BY JOHN TRAVISE AND NICOLAS OCTAVIANI
PhishMe Triage™ immediately reveals an active, ongoing phishing attack against a new customer during a configuration and deployment.
Talk about immediate results!
During a recent PhishMe Triage configuration and deployment engagement, our professional services team could help a customer identify and respond to an ongoing attack. The customer was a high-value target – a global payment processing company and was under a deliberate and sustained phishing attack. With the use of PhishMe Triage and help from PhishMe® consultants, the customer could see the attack happening and effectively respond to the threat.
On the first day of the deployment engagement, our PhishMe consultants noticed that users were reporting several different types of phishing emails which all contained URLs from several domains all in the format of hxxp://domainname.com/f.php?d=<base 64 encoded email of recipient>. This URL lead to a Microsoft Word® document with embedded macros that acted as a malware dropper. Perhaps to derail analysis, the attacker used methods where any browser user agent with the OS not set to Windows received a 404 error instead of a file. The Word file appeared to be a variant of Hancitor that downloaded DELoader/ZLoader. The Word document asked the user to turn on macros to start the infection process. Virus total links to files can be found here and here.
Upon further investigation, we discovered all of the domains were registered with Go Daddy® and had recently changed their DNS entry. Typically, when malicious links are found, organizations filter them at the proxy by domain name. The threat actors took advantage of this by using compromised Go Daddy accounts to rapidly deploy new phishing links. However, as all domains pointed to the same IP address blocking became trivial using the IP address instead of the constantly changing domains. Our consultants then created a rule to identify URLs with the offending f.php in them, and processed almost 200 matching emails targeted at this customer.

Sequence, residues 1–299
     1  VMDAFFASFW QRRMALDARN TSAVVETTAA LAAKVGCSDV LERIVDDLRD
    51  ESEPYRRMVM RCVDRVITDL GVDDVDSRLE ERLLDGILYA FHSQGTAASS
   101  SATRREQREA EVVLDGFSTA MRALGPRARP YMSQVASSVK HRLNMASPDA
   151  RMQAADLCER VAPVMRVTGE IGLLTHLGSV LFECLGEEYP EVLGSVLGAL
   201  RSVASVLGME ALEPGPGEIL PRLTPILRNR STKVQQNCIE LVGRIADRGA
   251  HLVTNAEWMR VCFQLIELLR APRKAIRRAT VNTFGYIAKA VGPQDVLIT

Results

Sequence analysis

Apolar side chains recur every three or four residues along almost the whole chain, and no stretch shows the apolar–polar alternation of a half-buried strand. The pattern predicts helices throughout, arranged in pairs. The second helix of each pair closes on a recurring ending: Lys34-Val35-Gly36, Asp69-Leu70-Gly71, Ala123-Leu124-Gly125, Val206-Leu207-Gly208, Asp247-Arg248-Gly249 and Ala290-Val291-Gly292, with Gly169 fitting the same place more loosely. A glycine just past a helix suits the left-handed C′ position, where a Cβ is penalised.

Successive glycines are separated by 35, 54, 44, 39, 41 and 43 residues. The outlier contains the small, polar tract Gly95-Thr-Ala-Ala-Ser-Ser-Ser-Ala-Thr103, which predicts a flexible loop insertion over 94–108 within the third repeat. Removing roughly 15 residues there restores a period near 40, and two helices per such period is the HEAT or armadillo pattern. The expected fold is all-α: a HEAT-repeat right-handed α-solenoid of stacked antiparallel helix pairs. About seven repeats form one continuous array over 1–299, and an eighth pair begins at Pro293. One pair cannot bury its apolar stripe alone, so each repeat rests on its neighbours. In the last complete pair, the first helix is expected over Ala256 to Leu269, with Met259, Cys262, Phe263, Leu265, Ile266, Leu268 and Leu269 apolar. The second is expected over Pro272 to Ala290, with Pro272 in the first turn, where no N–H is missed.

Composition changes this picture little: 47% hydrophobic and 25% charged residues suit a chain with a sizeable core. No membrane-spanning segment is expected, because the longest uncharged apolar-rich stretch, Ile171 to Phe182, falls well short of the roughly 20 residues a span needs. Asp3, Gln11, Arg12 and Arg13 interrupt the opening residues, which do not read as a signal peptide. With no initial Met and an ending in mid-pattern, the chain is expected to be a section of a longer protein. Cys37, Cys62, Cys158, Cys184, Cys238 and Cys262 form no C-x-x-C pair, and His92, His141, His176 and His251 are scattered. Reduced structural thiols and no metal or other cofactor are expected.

The following day delivered more reported emails with the same f.php in the PhishMe Triage inbox and quickly discovered that the domains from the current campaign pointed to an entirely different IP address. Upon checking the domain from the previous day, we discovered the attacker had updated the DNS entries to match the IP addresses of the current campaign. By using the rule, we created in PhishMe Triage, we were able to quickly identify the new domains and prevent the attack. Using the IOCs (indicators of compromise), the analysts identified any users who had received an email from the phishing campaign and removed almost 300 additional emails, as well as using the SIEM and proxy to identify any users who may have clicked the links and take appropriate action.
Without PhishMe Triage, the customer would have not have been able to see the common indicators as easily, and may not have been able to identify other emails that were part of the campaign – at least not in time to avoid an incident. Because of PhishMe Triage, the client could use the IOCs to make sure they could respond in real-time to the ever-changing campaign and mitigate any of the users that may have been enticed to open the document. By leveraging the internal human attack intelligence delivered by users conditioned with PhishMe Simulator™ and alerting the team with PhishMe Reporter®, PhishMe Triage was the final piece needed for a comprehensive anti-phishing defense system – finding an active threat as it bypassed perimeter defenses designed to stop it.
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